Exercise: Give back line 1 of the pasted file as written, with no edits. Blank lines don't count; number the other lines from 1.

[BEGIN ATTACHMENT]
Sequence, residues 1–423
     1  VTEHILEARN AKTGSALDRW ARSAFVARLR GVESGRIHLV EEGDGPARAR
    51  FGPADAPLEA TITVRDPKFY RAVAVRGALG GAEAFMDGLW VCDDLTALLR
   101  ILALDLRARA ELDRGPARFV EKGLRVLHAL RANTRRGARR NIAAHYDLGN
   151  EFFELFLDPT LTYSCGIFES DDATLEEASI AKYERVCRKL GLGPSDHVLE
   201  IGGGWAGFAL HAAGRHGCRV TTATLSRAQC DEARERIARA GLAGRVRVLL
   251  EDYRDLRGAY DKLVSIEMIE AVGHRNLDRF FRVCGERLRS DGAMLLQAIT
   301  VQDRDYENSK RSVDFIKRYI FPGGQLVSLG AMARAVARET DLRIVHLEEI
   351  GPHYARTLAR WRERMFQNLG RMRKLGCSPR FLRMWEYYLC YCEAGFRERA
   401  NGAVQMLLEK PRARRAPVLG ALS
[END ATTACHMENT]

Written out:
Sequence, residues 1–423